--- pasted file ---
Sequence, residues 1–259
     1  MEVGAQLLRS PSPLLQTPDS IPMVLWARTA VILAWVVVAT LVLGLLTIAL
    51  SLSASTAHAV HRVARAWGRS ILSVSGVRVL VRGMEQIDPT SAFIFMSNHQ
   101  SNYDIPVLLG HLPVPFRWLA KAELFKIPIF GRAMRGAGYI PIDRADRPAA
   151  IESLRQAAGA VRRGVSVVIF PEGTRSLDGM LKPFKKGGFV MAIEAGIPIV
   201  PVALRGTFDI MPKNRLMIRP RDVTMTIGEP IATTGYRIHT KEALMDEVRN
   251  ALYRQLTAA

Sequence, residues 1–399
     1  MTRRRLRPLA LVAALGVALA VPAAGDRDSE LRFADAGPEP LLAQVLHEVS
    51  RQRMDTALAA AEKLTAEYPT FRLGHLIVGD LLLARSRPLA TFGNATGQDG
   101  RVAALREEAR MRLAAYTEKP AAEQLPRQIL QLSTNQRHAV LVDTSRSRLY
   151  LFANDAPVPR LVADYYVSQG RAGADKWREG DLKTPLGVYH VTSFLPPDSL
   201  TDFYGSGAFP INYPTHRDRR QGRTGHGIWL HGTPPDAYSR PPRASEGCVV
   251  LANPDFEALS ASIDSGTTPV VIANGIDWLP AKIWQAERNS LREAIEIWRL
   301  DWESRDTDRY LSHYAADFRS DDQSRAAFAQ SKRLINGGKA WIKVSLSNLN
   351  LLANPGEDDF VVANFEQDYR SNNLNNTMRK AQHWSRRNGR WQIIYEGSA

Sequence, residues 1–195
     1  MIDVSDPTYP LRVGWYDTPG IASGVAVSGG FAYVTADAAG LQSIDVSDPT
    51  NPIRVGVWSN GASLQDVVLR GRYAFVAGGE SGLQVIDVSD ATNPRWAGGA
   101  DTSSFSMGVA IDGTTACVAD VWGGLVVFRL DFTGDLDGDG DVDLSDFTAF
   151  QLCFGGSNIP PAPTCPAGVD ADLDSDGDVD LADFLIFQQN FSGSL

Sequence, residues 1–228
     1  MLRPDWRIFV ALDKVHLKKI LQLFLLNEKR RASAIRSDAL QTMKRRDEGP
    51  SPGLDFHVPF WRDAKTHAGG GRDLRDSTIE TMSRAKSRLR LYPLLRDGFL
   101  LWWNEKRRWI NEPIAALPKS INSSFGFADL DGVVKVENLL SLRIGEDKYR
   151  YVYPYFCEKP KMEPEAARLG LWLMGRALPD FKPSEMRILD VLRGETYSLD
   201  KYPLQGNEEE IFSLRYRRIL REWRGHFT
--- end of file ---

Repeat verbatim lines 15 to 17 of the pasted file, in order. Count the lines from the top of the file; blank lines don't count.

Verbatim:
   301  DWESRDTDRY LSHYAADFRS DDQSRAAFAQ SKRLINGGKA WIKVSLSNLN
   351  LLANPGEDDF VVANFEQDYR SNNLNNTMRK AQHWSRRNGR WQIIYEGSA

Sequence, residues 1–195